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An “accommodator” is a qualified intermediary (QI) who assists taxpayers in completing a tax-deferred exchange of real property. The role of the accommodator is to facilitate the exchange by holding the proceeds from the sale of the taxpayer’s relinquished property in a trust or escrow account and then using those funds to acquire replacement property on behalf of the taxpayer.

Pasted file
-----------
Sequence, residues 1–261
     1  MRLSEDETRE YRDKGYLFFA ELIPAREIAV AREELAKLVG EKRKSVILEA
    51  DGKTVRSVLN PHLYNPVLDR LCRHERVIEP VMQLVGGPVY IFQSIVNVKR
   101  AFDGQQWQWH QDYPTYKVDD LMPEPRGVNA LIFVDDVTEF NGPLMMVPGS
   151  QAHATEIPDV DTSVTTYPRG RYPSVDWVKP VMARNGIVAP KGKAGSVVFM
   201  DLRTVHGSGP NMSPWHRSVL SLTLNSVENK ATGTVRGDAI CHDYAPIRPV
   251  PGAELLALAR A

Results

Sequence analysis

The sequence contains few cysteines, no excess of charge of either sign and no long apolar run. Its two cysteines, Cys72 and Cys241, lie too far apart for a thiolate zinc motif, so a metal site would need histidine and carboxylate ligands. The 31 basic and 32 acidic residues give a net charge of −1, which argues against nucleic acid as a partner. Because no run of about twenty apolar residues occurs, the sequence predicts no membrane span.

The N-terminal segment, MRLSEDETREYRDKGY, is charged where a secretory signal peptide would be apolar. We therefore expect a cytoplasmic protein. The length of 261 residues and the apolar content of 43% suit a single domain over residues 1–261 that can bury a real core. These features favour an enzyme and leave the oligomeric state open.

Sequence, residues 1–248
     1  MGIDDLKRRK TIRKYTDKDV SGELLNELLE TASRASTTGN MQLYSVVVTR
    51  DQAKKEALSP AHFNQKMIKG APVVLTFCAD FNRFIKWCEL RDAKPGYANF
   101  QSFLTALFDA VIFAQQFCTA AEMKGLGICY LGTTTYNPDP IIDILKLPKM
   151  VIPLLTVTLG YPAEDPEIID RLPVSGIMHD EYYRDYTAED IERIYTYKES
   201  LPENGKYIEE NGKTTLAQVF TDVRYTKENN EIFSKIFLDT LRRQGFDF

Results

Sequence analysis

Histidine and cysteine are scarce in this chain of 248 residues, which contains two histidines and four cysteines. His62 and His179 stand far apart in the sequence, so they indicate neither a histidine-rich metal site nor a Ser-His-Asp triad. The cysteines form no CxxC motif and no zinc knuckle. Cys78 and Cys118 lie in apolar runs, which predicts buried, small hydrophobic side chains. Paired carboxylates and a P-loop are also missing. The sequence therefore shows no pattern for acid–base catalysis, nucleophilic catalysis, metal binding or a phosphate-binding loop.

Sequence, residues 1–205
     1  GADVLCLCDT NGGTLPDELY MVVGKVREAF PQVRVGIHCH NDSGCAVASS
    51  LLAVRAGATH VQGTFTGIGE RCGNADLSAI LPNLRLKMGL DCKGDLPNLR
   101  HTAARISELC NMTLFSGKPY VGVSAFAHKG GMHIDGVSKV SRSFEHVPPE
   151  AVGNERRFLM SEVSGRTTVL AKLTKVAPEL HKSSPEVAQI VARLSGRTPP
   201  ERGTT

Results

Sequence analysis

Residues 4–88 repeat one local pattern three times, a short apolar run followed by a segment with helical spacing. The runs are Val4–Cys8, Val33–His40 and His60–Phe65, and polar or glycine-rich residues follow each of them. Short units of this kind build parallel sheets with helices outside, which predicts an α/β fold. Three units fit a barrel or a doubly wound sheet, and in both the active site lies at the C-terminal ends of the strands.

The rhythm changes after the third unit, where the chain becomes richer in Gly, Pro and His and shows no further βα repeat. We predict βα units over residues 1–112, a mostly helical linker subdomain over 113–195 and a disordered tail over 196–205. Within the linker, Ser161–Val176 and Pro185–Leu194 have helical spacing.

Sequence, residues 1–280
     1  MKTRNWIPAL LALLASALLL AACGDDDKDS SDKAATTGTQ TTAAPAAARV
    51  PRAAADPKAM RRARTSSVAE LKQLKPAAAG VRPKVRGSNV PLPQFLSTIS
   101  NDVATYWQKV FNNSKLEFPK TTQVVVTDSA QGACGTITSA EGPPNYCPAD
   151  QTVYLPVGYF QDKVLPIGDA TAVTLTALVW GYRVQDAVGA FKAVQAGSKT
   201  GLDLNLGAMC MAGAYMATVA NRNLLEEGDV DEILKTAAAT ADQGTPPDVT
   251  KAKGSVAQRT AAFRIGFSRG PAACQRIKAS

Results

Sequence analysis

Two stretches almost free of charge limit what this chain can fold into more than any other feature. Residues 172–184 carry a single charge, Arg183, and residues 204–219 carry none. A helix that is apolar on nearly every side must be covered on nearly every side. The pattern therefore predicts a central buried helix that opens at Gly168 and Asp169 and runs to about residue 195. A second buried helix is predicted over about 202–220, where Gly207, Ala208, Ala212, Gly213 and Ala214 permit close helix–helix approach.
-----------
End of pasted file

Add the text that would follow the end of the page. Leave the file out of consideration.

The accommodator must comply with certain rules and regulations set forth by the Internal Revenue Service (IRS) to ensure that the exchange qualifies for tax deferral. For example, the accommodator must not be a disqualified person, such as a relative or business partner of the taxpayer, and must not have any interest in the property being exchanged.

The use of an accommodator in a 1031 exchange is not required by law, but it is recommended in order to ensure compliance with IRS rules and regulations and to minimize the risk of the exchange being disqualified.